Vascular Plants of North Carolina
Account for Marsh Fimbry - Fimbristylis castanea   (Michaux) Vahl
Members of Cyperaceae:
Members of Fimbristylis with account distribution info or public map:
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Section 5 » Order Cyperales » Family Cyperaceae
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Author(Michaux) Vahl
DistributionOuter Coastal Plain and Outer Banks/barrier islands.

Essentially maritime -- Coastal Plain, NY to southern FL and southern TX; Mex.; West Indies.
AbundanceFrequent to common, and very widespread in the coastal/tidal region. The website editors suggest a State Rank of S4S5, a reflection of how numerous and widespread it is in such a rather limited area of the state.
HabitatBrackish and fresh-tidal marshes, roadsides through such marshes.
See also Habitat Account for Coastal Freshwater and Low-Salinity Marshes
PhenologyFlowering and fruiting July-September.
IdentificationThis is our most robust fimbry, with the stems potentially up to 5 feet tall but usually 2-3.5 feet. The plant bases are shiny chestnut brown and usually set deep in soil. It is very similar to F. caroliniana, which also is limited to our coastal marshes, but the leaves of that species are relatively thin and flat or V-shaped in life (vs. thick and semicircular in cross-section in F. castanea) and seeds of that species are less than 1.5 mm long (vs. 1.5-2 mm long).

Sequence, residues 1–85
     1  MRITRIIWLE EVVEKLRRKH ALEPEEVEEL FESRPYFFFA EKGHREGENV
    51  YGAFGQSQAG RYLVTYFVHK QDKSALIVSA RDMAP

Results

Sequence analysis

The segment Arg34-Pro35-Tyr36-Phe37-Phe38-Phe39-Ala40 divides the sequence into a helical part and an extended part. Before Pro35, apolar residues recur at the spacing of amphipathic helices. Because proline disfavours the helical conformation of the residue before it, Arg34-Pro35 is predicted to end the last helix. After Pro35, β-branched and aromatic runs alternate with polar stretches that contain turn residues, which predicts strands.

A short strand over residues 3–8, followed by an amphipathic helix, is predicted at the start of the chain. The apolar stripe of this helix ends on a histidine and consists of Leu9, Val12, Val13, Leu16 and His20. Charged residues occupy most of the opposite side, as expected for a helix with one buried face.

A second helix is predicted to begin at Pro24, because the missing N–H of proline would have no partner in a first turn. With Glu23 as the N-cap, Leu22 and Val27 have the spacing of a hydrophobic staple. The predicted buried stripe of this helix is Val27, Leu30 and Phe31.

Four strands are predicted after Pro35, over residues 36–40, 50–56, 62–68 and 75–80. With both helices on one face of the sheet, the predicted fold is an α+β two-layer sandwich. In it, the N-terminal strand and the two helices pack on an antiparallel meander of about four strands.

Taxonomic CommentsIn some older texts, both F. caroliniana and F. castanea were lumped under F. spadicea (L.) Vahl.

Plants of the the genus Fimbristylis are very small to tall (3+ feet), with most leaves in a basal tuft, and an open, branched, terminal inflorescence. The spikelets are various shades of rufous, chestnut, or brown (due to the color of the scales) and resemble tiny pinecones. Important key characters include size, shape, and ornamentation of the achenes (seeds); see also other characters used by Weakley (2018). Godfrey & Wooten (1979) have excellent drawings and descriptions.
Other Common Name(s)Salt Marsh Fimbry
State Rank[S4S5]
Global RankG5
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US Status
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